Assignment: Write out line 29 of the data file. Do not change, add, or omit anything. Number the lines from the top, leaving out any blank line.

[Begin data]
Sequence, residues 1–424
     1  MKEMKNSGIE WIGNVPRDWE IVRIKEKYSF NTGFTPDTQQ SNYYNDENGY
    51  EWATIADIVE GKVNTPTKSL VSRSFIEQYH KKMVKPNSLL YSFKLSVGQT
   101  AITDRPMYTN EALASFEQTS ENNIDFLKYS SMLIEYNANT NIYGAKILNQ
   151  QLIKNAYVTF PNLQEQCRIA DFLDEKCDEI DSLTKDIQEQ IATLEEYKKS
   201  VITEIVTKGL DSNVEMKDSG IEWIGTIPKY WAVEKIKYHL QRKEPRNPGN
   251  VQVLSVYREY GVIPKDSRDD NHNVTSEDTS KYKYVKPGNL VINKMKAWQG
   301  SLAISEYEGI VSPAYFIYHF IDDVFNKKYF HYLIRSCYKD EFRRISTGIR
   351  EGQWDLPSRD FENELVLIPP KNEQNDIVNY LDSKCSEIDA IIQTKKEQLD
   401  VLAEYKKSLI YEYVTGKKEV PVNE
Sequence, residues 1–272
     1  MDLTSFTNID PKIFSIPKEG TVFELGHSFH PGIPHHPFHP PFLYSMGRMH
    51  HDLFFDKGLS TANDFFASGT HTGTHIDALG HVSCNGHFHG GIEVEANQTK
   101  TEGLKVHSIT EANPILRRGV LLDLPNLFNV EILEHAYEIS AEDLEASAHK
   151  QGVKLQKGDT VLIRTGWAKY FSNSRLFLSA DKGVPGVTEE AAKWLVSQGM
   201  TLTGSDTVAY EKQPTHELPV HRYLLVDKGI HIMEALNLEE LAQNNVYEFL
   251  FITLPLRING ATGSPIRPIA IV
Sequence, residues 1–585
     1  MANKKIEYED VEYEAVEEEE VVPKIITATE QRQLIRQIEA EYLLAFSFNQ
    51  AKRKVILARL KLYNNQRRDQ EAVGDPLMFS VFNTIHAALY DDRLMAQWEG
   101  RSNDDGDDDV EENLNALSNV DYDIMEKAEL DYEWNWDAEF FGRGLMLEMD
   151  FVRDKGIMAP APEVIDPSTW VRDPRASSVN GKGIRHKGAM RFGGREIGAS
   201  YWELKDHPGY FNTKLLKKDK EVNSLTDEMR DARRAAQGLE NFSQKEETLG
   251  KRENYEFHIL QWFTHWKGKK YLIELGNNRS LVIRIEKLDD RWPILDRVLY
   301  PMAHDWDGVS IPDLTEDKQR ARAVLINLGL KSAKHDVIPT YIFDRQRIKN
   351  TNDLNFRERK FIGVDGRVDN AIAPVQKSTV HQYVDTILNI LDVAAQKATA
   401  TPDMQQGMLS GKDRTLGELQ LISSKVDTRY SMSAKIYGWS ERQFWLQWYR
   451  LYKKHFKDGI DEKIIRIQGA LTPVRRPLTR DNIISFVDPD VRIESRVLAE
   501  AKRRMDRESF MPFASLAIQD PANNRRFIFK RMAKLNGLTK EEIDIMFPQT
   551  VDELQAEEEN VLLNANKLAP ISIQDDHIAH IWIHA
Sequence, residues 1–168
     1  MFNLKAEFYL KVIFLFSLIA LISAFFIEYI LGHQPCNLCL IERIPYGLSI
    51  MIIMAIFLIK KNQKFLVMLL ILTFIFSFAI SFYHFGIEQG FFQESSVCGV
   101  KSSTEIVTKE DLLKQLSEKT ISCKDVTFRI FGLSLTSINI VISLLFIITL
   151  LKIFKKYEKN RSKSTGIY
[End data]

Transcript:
   501  AKRRMDRESF MPFASLAIQD PANNRRFIFK RMAKLNGLTK EEIDIMFPQT